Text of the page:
The method of present invention makes it possible to predict (e.g., closely approximate) or estimate one or more of the physical properties of biological relevance of interest to drug manufacturers, at least as accurately as, or better than, these other methods discussed above that are used to estimate or predict these properties. The method of present invention is suitable for high-throughput screening of thousands of compounds in an automated fashion and can be used to evaluate a wide range of compounds.
  • [0061]
    One embodiment of the testing method of the present invention involves adding test compounds in aqueous or DMSO solutions to solutions of polymerized three-dimensional arrays (e.g. liposomes or tubules) in a 384-well or 96-well microtiter plate and measuring the emission of the wells after an incubation time ranging from minutes to hours. The emissions of the wells are compared to each other and to the emissions of wells containing control solutions. The emission of wells with characterized compounds is correlated to the log(P) of the compounds, and/or the transcellular permeability, and/or the oral absorption of the compounds and these correlations are used to gauge or estimate or predict the log(P) and/or the transcellular permeability and/or oral absorption of compounds for which these are unknown. The arrays may contain non-diacetylene species including, but not limited to: phospholipids, cholesterol, steroids, other lipids, proteins, cell membrane proteins, cell membrane components and fluorophores. The lipid species or other components may be synthesized or extracted from natural sources, such as cell membranes or bulk tissue. For example, the lipids and/or other components may be extracted from the cell membranes of intestinal lining cells. Lipids may be chosen to mimic the cell membranes of specific tissue types, e.g., brain, liver, fat, etc, or to mimic the membranes of various types of organisms, e.g., bacteria, yeast, etc. The arrays may be used over a pH range including, but not limited to, pHs of 2-10. The array solutions have been shown to be stable in storage over 10 months in some cases. The emission of the polydiacetylene arrays may drop relative to the control emission as they are exposed to compounds with increasing log(P)s and/or transcellular permeability and/or oral absorption. This decrease may be linear or have a “step-like” character with a sharp drop at a specific log(P) value. Alternatively, the emission of the arrays may rise relative to a reference as the log(P) values increase. The change in emission of the arrays appears to be dependent upon formulation; a compound could be screened with multiple array formulations to improve the precision of the estimation of the log(P) and/or transcellular permeability and/or oral absorption. Data analysis can be further refined by comparison of results for sets of compounds with structural and/or functional similarity. Analysis of the kinetic changes of the emission of arrays exposed to different compounds can also allow estimation of the log(P) and/or transcellular permeability and/or oral absorption. The emission or kinetic data gathered from the testing methods of the present invention can be analyzed alone, or can be integrated with computer or other models to predict physical properties of the test compounds of biological relevance.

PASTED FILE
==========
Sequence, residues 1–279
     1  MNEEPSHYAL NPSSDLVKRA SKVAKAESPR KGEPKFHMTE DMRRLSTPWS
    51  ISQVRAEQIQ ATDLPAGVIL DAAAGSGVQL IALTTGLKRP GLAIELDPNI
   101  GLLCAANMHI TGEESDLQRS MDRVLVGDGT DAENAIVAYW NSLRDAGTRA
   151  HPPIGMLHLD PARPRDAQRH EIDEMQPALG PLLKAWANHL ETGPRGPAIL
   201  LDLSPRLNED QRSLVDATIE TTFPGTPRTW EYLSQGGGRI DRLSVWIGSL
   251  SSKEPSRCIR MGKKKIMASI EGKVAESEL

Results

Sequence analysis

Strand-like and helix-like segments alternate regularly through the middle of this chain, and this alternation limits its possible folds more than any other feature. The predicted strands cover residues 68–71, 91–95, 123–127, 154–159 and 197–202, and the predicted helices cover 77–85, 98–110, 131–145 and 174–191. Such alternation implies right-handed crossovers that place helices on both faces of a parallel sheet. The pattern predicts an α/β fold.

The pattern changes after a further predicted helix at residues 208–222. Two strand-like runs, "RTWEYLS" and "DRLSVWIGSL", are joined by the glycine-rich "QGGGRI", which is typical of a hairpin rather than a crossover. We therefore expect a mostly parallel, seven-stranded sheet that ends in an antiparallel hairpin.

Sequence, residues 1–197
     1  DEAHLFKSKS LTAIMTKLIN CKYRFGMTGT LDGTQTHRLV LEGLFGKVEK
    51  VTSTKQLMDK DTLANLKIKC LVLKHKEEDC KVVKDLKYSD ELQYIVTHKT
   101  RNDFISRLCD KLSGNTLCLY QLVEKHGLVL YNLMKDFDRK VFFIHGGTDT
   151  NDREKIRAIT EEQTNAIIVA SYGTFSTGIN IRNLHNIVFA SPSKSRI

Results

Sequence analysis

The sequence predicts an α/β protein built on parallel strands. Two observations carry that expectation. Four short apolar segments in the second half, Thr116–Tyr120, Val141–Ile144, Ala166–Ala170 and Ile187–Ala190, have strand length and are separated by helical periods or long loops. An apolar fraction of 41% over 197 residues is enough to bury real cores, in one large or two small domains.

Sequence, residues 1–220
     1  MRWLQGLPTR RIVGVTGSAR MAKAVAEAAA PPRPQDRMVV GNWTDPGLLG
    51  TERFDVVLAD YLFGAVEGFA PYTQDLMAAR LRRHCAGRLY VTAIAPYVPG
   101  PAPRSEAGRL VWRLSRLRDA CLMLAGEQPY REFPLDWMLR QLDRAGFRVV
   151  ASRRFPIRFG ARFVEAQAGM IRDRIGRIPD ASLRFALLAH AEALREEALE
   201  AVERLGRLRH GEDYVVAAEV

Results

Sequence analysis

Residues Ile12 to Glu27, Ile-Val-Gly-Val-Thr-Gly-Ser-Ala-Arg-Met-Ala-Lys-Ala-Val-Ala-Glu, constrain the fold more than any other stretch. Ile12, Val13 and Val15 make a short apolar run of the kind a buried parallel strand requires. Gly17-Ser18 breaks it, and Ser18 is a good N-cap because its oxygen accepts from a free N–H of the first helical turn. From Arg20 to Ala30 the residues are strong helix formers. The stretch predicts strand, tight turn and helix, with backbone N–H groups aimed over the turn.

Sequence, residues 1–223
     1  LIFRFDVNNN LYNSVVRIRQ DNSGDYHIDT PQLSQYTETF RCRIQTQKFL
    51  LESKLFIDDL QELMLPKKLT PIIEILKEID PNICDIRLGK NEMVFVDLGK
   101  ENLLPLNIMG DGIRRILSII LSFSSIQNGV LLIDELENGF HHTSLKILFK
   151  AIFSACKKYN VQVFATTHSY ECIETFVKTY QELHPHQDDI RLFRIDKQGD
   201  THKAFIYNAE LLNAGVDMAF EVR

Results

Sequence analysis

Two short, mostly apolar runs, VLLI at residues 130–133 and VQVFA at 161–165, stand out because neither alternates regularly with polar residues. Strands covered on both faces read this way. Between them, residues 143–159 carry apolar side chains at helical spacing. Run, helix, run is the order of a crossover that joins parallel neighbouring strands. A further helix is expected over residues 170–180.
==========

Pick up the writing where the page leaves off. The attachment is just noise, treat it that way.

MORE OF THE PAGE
• [0062]